Category: DIY Projects
We are having quite an adventure with our meat chickens. They are already 4 weeks old and only have a couple weeks to go. They are growing fast and running out of room in their brooder. Thankfully, it has been beautiful out and they can start living outside. I drew up some plans for a coop that is quite simple. It consists of 4 corners, 4 panels, and a top made of hardware cloth and plywood. The coop is 2’x6’x8′ and fits 25 chickens.
40′ of 1/2″ Hardware Cloth
3 – 1×4
1 – 2×2
8 – 1×3
Plywood – 4′ x 6′
Next, we made the sides panels out of 1x3s and hardware cloth. The long side is 8′ and the short side is 6′. We spaced out the 1x3s 24 inches apart and stapled on the hardware cloth. The hardware cloth is stapled on the outside.
The best part of the coop is that we can move it around the yard so that the chickens don’t get too stinky and our new neighbors won’t hate us. For now, the coop is fully stocked and the chickens seem happier than ever.
We ordered 25 cornish cross chickens to raise for meat. Since we haven’t done much work on the upstairs yet, we built a brooder we could use in the house and then move outdoors later. We made the brooder almost completely from scraps, but it would be cheap and easy to buy the supplies.
You can add support on the inside of the box to secure the base if needed. (We added some 2×2 braces just in case). To finish off the brooder we built a cover out of 2x2s and chicken wire. We also put a 1×6 support down the center to staple the wire where we had a seam.
We put them into their new, cozy brooder and dipped their beaks into the water to get them started.
We are learning as we go, but everything has gone well so far. The chicks are darting around and chowing down food. We will definitely keep you updated on our new adventure! Thanks for reading!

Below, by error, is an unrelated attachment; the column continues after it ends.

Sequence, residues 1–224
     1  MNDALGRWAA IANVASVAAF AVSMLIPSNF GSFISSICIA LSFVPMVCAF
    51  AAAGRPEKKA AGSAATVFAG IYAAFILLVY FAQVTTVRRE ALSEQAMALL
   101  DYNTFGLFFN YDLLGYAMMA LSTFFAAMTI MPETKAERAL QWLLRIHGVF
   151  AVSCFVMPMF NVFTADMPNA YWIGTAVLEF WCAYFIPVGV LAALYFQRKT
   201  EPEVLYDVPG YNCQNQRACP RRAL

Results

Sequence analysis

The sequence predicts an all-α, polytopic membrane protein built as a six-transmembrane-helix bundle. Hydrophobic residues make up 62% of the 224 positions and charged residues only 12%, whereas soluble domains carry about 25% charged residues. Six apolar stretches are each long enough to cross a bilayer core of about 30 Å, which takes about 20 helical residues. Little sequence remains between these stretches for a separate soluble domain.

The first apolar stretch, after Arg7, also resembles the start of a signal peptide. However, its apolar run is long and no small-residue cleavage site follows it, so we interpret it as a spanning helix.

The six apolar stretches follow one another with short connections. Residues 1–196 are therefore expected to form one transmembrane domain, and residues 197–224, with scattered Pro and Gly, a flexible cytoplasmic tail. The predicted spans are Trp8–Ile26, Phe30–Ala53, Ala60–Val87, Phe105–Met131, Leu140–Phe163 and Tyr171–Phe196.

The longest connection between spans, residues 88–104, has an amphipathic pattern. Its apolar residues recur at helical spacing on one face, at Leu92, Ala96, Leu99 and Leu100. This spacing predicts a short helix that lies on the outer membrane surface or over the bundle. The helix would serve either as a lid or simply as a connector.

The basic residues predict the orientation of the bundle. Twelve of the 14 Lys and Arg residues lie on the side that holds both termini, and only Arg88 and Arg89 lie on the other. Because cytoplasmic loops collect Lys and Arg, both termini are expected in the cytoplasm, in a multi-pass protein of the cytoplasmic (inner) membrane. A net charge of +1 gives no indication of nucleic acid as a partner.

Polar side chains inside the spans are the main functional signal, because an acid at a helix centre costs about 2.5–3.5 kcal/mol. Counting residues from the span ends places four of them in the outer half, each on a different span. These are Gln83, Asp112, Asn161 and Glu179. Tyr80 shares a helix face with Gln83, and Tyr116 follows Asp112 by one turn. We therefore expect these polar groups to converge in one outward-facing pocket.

Since the snow is finally melting, I think it is officially time to put the snowboards and winter gear away. We have always had an issue storing snowboards. They end up in the garage, up in the rafters so they don’t get bumped. Thankfully, we now have a good space in the house to store them!
When we started the office we decided that we would want a day bed and lots of storage for our hobbies. We don’t have a day bed yet, but we have a nice futon that was given to us by a neighbor that we have moved place to place with us for years. We invested in some nice wall mounts for our snowboards to hang over the futon and they look great in the office. The mount clips have drywall anchors and are made to protect your snowboard, so they are sturdy but gentle.
The wall mount clips are Burton brand and we bought them at Scheels (I’m sure you can get them at other sporting stores as well.)
The office needs a lot more work, but we need to get a lot of the boxes sorted out first. Thanks for reading!
I have been seeing a lot of blog posts and pins on Pinterest about “Command Centers.” Basically, they are a catch-all for that mail and junk that would normally be sitting on the counter. We definitely have an issue with the counter mess so it seems like this might be a good idea…
We have a small wall on the side of the furnace closet (in our kitchen) that is right next to our office. Seems like the perfect location for a command center to me! So, after some cheap Target shopping, we ended up with this neat little place for all of
our Ryan’s junk. We still have some trim and painting work to do, but the furnace closet is coming along nicely.
We’ve been busy, so there is a lot more coming. Check back soon! Thanks for reading!
I’ve been staying in the guest bedroom while living here until we get the master bedroom started. Even though we don’t live in a big town, we have street lights on our street that shine right into the guest bedroom window. I wanted to make curtains, but am only a beginner when it comes to sewing, so I cheated a little bit.